The Importance of Financial Literacy- Knowledge is Power!
What is Financial Literacy?
Financial literacy is a term describing how much a person understands about the way money works – both personal finances, and larger things such as investments and economics.
Though it sounds like a lot to know, it breaks down to understanding three things:
- How to earn money and where your money comes from
- How to keep a budget to manage your spending
- Knowing how savings and investments work
Being financially literate means you can make smart, informed decisions regarding how you manage and use your financial resources.
But I’m Just a Student! Why is This Important to Me?
If you’re thinking, “This is the first time I’ve heard that financial literacy is important!”, you’re not alone.
Many teens and young adults do not receive much information or education about finances from school or family. All too often, financial literacy is not taught in school, which means that when you get to college, university or your first adult job, you’re simply unprepared for the financial responsibilities facing you.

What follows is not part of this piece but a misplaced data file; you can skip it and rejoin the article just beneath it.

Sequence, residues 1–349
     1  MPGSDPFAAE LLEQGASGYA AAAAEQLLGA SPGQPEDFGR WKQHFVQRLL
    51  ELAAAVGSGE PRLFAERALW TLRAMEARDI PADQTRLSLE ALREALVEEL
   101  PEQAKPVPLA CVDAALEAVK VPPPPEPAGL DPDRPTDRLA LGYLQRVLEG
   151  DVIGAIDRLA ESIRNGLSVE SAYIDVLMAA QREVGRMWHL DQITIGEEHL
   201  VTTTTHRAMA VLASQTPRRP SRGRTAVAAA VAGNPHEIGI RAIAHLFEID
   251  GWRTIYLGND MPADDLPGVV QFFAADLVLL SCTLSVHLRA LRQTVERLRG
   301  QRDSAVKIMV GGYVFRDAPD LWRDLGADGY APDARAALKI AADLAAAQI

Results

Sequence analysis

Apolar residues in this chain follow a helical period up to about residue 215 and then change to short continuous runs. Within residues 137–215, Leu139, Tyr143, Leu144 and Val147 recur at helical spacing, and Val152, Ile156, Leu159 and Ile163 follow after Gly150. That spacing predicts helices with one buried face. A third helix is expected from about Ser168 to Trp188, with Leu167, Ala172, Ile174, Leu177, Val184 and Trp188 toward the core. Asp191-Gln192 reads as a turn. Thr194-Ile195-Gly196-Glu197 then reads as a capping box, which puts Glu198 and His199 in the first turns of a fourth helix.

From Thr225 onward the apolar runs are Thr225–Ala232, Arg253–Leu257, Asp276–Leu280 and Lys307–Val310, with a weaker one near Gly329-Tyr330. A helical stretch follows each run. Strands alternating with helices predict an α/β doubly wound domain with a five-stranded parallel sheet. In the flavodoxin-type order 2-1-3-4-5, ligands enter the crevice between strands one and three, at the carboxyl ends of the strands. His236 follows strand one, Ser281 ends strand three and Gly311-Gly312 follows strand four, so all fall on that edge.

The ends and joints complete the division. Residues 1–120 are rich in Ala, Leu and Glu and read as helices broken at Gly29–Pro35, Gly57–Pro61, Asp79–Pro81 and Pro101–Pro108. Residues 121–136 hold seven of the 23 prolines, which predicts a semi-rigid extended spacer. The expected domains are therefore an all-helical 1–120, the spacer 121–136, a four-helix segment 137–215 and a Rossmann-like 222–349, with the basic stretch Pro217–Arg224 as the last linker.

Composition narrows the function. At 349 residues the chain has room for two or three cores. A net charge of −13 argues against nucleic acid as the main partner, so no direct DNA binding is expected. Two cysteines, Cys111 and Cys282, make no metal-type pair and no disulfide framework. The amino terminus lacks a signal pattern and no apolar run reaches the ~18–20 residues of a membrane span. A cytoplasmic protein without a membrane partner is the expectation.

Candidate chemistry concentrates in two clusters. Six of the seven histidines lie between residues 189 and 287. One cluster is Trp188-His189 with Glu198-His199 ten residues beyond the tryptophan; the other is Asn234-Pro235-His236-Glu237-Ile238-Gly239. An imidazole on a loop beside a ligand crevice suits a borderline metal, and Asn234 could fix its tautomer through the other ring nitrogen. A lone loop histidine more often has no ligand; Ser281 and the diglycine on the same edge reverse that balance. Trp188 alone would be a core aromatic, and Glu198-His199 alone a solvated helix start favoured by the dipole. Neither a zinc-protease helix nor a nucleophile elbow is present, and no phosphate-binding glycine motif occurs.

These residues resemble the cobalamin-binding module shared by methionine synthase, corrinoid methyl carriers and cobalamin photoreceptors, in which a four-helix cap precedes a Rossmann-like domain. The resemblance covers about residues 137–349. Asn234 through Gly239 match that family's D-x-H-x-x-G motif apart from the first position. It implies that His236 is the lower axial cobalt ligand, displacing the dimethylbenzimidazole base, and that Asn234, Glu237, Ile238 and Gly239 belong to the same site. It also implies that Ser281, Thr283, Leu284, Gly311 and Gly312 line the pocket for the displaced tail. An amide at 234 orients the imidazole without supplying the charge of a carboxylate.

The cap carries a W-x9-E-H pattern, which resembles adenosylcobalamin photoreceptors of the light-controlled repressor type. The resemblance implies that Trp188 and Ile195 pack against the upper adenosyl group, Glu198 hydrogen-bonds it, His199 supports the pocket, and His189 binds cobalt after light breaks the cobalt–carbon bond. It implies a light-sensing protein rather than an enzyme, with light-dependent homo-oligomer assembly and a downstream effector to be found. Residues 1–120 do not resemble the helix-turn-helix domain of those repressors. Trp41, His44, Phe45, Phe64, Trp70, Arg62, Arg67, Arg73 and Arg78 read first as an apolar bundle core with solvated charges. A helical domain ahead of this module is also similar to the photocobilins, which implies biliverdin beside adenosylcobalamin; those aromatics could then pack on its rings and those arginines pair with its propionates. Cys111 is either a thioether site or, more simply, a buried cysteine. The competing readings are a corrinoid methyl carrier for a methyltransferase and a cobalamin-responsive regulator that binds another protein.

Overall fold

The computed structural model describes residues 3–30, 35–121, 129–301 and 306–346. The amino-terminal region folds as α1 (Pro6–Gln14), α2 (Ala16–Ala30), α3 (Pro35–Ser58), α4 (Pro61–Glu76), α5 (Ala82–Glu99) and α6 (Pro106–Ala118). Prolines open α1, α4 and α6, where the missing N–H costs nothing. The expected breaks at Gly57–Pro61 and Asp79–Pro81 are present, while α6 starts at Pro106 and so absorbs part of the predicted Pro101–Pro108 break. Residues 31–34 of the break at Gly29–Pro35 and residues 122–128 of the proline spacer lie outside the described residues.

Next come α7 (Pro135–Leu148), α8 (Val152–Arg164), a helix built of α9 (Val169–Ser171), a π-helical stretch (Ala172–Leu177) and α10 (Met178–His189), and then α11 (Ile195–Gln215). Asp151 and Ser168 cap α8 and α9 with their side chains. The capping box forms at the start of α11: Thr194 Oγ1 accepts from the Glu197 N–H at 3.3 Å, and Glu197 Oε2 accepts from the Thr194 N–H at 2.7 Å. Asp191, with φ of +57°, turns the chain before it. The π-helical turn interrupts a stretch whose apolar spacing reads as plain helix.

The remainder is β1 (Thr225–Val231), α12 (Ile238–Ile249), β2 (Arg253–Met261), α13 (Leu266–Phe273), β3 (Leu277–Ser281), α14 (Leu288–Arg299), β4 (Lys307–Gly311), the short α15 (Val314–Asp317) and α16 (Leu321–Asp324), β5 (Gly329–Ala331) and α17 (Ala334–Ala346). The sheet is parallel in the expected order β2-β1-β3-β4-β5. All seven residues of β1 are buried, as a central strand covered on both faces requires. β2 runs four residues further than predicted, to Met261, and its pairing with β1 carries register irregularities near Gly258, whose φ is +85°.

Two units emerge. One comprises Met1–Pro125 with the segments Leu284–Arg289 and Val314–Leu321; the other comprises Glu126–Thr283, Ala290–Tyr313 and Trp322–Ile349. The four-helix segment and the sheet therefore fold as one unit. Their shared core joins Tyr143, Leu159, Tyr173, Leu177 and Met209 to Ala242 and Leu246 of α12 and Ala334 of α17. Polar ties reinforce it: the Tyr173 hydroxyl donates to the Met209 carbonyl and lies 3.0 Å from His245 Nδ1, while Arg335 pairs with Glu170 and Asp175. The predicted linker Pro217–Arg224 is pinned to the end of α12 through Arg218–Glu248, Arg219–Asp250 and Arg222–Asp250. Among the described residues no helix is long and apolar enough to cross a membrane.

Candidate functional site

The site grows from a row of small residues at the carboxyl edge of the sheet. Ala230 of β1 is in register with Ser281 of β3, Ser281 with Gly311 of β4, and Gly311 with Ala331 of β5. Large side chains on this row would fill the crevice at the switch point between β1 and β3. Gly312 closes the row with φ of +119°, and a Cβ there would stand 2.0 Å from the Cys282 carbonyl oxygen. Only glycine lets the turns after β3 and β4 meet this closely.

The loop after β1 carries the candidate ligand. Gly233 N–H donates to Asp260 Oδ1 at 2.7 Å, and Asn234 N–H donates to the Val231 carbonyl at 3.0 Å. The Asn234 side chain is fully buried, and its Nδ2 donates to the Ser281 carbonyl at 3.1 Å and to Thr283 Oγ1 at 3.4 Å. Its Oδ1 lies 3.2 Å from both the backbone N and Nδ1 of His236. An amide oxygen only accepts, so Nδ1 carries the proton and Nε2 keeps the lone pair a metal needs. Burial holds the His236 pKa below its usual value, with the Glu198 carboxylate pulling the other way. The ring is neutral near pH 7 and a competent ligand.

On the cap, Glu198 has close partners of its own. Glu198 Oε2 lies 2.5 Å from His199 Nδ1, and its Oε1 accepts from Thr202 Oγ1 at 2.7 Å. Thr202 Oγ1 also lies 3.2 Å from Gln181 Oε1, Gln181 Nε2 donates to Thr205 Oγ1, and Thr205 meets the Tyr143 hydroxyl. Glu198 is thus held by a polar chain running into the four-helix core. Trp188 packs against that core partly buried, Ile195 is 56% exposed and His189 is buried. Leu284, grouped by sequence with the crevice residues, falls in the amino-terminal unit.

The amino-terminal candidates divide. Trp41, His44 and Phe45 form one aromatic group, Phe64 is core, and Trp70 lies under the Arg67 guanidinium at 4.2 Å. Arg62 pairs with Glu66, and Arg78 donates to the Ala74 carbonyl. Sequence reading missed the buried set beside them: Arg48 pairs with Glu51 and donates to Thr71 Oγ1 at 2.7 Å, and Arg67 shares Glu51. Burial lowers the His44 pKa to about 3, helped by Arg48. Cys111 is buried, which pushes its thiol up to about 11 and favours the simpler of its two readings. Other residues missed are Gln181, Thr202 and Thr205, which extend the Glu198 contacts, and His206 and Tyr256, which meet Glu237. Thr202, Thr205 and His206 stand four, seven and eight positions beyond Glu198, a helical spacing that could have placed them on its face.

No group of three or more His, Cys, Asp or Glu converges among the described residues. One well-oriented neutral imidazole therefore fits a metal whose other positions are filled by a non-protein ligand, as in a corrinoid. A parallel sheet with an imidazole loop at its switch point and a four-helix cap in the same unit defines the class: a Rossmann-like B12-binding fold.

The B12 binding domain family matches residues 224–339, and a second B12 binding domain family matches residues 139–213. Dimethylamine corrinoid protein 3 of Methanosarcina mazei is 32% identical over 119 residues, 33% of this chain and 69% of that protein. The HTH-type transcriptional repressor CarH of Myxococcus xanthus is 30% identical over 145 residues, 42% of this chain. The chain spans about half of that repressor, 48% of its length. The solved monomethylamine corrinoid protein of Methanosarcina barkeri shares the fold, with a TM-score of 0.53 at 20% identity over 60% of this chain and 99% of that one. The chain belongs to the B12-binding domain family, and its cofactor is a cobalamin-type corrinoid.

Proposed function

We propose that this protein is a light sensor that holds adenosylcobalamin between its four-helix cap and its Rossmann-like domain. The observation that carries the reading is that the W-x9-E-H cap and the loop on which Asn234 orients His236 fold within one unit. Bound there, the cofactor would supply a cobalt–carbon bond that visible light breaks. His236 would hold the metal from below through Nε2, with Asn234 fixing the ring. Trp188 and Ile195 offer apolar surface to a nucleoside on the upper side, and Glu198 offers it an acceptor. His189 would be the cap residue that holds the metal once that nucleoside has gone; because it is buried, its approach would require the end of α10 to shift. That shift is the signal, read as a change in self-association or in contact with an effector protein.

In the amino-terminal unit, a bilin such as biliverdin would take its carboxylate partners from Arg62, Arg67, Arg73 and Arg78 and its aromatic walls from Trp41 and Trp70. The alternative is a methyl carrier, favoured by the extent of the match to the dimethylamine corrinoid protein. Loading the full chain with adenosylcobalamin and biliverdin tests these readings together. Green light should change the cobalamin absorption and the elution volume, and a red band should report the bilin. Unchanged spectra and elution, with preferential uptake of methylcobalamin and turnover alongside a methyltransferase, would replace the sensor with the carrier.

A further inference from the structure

Even students in high school and university/college, as well as those young adults who go straight into an apprenticeship or the working world, will encounter significant financial decisions.
You may be juggling student loans through OSAP and other student aid. Or, you might be learning to balance your spending against your paycheque. Maybe you’re even renting your first apartment or buying your first car.
Knowing how to manage your personal finances for these adult responsibilities will ensure that you don’t get caught in any financial pitfalls:
- Unmanageable Debt: Probably the most common among students and young adults. Credit cards, student loans and lines of credit are easily available. However, without understanding how interest accumulates, or how payment plans work, what begins as just a little debt can quickly become overwhelming.
- Impulse Spending and Unnecessary Purchases: We all want to buy the latest game, eat out and party with friends, or take a trip when you get that paycheque or loan deposit. And, a little bit of this is just fine! Getting into the habit of spending without keeping track of where your money goes, however, can mean you end up not able to pay for the important things such as rent or groceries.
- Not Investing for Retirement: First off, you should be doing this! Yet without at least basic understanding of the principles of saving and investing, you might not realize just how vital this can be to your future.
It’s true that many schools don’t teach financial literacy. But don’t let that stop you! Many schools, both high school and at college or university, have guidance departments and student services that can provide you with resources to learn personal financial management.
There are also a ton of resources online that can provide classes, tutorials and other valuable information. Just be sure you use reputable sources such as banks, educational institutions, or community groups.